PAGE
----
Dani Shapiro has written several courageous and searing memoirs: “Slow Motion,’’ about the deaths of her parents when she was in her early 20s, “Devotion,’’ about a crisis of faith she suffered in her mid-40s. She has never written anything as raw, dark, or brave as “Hourglass.’’
Subtitled “Time, Memory, Marriage,” “Hourglass’’ is a slim yet penetrating meditation on her 18-year marriage to former Africa correspondent Michael Maren (she refers to him throughout only as “M’’). Told in brief, discrete segments, the book jumps around in time, from present to past and back again. Meditations and vignettes are interwoven with excerpts from the journal she kept on their honeymoon (in which she refers to herself as D), lists, and quotations from authors including Wendell Berry, Adrienne Rich, and Nietzsche.
“Hourglass’’ opens with a striking image of vulnerability: M standing on their driveway, in “the dead of winter . . . wearing nothing but a white terry-cloth bathrobe, his feet stuffed into galoshes.” Armed with a rifle, he has ventured out early one morning to try and dispatch the dogged woodpecker whose “rat-tat-tat-tat-tat” has been driving them both mad. He is unsuccessful.
From the outside, Shapiro appears to have a charmed life, personally and professionally. Her books have appeared on best-seller lists; Oprah Winfrey has interviewed her on “Super Soul Sunday.’’ M and D live in a gorgeous house in a bucolic setting with their beautiful teenage son. They run an idyllic writers retreat in Italy. With her porcelain skin, shimmering blond hair, and elegant attire, Shapiro has a glamorous public persona.
In “Hourglass,’’ however, Shapiro dedicates herself to exposing the stark reality of diminishment beneath the superfice of success. The woodpecker’s rat-tat-tat-tat-tat comes to symbolize the relentless pressures beating down upon the couple. Both figuratively and literally, she tells us, this is “a time of erosion.” Things in the house are “falling apart”: appliances failing, the basement flooding. M’s career is stagnating. Where once he had been offered glamorous magazine assignments, invited regularly to “appear as a talking head on CNN,” and “testified before the Senate Foreign Relations Committee,” now “he is no longer in anyone’s Rolodex.”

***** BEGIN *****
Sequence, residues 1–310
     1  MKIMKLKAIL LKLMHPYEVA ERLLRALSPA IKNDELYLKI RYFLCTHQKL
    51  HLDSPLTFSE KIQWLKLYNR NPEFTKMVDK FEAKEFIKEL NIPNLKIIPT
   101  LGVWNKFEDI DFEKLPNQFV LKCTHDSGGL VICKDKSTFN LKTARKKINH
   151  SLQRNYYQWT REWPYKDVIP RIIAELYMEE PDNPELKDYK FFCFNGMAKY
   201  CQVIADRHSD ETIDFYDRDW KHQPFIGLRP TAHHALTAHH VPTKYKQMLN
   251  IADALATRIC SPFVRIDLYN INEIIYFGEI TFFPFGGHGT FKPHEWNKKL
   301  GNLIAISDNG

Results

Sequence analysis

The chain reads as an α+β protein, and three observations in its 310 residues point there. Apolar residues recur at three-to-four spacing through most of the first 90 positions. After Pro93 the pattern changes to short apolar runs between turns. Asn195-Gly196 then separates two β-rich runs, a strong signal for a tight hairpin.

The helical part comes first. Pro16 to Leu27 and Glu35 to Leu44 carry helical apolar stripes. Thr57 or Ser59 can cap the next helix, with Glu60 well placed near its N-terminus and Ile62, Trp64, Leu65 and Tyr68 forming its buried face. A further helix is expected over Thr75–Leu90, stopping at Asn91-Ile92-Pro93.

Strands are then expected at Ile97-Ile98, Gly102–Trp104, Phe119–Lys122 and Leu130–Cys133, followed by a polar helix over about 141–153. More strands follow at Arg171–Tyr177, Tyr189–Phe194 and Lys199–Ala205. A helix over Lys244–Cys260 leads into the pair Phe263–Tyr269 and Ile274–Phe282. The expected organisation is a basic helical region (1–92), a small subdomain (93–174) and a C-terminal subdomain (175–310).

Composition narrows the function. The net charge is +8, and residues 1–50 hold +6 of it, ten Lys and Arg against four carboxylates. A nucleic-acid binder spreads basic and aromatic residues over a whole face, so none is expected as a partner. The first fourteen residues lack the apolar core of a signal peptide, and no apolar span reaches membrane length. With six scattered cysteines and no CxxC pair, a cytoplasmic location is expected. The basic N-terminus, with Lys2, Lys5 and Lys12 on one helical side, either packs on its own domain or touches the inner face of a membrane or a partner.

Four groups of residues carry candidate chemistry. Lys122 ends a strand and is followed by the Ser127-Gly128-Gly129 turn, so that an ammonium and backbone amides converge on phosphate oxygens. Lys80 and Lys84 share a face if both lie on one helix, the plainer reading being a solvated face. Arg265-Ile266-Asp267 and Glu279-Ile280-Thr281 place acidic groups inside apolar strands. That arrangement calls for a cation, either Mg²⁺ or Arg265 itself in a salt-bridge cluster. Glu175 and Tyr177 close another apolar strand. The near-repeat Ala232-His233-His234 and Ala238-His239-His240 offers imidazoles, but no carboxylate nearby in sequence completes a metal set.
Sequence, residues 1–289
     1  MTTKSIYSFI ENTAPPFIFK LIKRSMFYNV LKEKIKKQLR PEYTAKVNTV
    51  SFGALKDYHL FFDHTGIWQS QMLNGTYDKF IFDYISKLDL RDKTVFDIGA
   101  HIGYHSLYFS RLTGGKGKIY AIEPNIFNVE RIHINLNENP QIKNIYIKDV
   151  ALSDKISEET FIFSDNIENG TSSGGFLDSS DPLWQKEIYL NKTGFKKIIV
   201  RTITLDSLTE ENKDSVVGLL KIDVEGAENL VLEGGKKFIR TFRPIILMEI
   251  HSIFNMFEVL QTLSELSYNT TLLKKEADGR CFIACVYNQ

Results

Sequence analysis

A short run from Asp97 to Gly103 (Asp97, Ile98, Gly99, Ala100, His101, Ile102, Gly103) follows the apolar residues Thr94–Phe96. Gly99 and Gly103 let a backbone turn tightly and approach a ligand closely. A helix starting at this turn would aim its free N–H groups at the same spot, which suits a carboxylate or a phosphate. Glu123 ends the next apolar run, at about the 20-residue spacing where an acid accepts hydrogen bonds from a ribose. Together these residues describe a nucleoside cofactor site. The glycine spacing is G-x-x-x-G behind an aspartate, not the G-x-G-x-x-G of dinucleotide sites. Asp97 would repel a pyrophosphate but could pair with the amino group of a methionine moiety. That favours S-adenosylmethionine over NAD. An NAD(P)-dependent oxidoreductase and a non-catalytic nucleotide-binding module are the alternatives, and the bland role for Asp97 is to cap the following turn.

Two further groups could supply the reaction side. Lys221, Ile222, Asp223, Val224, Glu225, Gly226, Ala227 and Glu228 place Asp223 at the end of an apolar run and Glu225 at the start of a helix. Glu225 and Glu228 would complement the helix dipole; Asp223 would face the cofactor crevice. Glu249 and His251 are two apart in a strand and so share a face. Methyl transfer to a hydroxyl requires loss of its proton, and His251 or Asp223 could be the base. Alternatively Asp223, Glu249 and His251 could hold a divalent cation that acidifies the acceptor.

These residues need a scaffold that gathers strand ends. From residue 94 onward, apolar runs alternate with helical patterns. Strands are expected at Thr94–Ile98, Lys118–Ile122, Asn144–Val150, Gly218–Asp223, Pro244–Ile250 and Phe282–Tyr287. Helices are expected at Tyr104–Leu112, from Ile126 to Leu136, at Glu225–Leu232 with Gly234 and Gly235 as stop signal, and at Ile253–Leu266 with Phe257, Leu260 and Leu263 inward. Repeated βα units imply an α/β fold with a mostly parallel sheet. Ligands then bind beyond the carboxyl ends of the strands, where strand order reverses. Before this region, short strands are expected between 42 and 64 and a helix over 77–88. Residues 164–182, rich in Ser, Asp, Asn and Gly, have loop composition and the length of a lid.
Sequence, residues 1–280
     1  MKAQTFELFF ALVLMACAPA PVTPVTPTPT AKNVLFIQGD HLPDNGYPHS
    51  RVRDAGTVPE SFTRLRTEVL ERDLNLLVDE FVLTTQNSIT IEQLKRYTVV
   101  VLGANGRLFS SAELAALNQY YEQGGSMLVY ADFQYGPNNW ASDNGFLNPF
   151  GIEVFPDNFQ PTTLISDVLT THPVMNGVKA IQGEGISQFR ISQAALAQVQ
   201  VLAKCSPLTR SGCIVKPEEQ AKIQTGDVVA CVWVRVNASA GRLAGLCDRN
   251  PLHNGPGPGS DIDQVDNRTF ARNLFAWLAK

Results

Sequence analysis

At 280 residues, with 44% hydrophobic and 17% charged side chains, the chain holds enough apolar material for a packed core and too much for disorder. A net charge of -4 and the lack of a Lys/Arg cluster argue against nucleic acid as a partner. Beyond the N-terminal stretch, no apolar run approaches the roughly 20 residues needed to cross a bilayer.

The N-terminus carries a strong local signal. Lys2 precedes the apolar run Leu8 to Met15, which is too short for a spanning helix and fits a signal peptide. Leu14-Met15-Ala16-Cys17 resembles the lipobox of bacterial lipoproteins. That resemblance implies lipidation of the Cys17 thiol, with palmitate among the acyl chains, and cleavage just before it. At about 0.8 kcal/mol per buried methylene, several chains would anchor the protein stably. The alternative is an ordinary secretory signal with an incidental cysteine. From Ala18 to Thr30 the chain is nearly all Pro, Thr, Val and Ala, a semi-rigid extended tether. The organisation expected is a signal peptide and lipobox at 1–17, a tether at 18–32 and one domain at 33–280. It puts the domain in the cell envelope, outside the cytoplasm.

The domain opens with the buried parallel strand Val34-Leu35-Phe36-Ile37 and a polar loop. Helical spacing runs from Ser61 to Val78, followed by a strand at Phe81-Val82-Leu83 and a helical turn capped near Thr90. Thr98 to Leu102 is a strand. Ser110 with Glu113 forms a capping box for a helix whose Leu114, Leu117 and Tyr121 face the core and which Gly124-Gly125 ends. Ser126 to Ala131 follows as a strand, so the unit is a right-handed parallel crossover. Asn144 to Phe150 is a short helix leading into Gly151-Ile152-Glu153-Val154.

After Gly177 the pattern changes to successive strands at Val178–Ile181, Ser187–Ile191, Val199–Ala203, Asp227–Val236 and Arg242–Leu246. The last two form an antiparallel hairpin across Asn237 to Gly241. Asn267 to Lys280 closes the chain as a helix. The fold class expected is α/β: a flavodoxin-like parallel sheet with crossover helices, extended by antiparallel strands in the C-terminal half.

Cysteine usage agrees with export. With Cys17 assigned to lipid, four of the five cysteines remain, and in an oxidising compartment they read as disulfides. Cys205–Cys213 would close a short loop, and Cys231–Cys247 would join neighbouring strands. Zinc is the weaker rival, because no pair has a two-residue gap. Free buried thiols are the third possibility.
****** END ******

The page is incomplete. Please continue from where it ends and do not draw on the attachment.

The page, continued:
To pay their mortgage and their son’s private school tuition, M and D have taken on a dizzying array of freelance jobs. Working like the ant, they have yet stored little against the winter. They have no pension or retirement plan. M’s response to the failure of foresight is grasshopperish: “I’ll take care of it.” Shapiro has “always loved and longed to believe “ this “familiar refrain,” but her belief is fraying, her anxiety growing.
Shapiro’s doubt and guilt will resonate with anyone who’s been in a romantic partnership. She was the one who’d asked M to give up taking assignments in perilous settings. She initiated their move from vibrant New York City to a sleepy Connecticut town. Shapiro strives to “believe he doesn’t regret it. But still, has being with me stopped him from being him?”
Shapiro has received criticism for her failure to acknowledge her first, early marriage in some of her writing. In “Hourglass,’’ she lays it bare. She admits that she was “ashamed of [her] . . . complicated past,” tells us (and M) bluntly that this is her third marriage after two divorces, and avers that this time she is determined to persevere despite fissures and pressures, “terrible arguments,” and anguished couples therapy sessions. There is “no exit strategy.”
“Hourglass’’ is not an unflawed work: A few lines sound like self-help clichés; rather than increasing our sense of intimacy with her, the honeymoon journal entries have a distancing effect. But for the most part, as Shapiro ponders the eternal question of Frost’s “The Oven Bird’’ — “what to make of a diminished thing” — she gives us a gorgeous, poetic stay against loss and confusion. I closed “Hourglass’’ thinking of these lines from Yeats’s “Adam’s Curse”: “We sat grown quiet at the name of love;/ We saw the last embers of daylight die,/ And in the trembling blue-green of the sky/ A moon, worn as if it had been a shell/ Washed by time’s waters as they rose and fell/ About the stars and broke in days and years.’’
“Hourglass’’ is a stalwart witness to the erosions of time’s tides that, in being stalwart, it also wishes to stand against.
Time, Memory, Marriage
By Dani Shapiro
Knopf, 145 pp., $22.95
Priscilla Gilman is a former professor of English literature at Yale University and Vassar College and the author of “The Anti-Romantic Child: A Memoir of Unexpected Joy.’’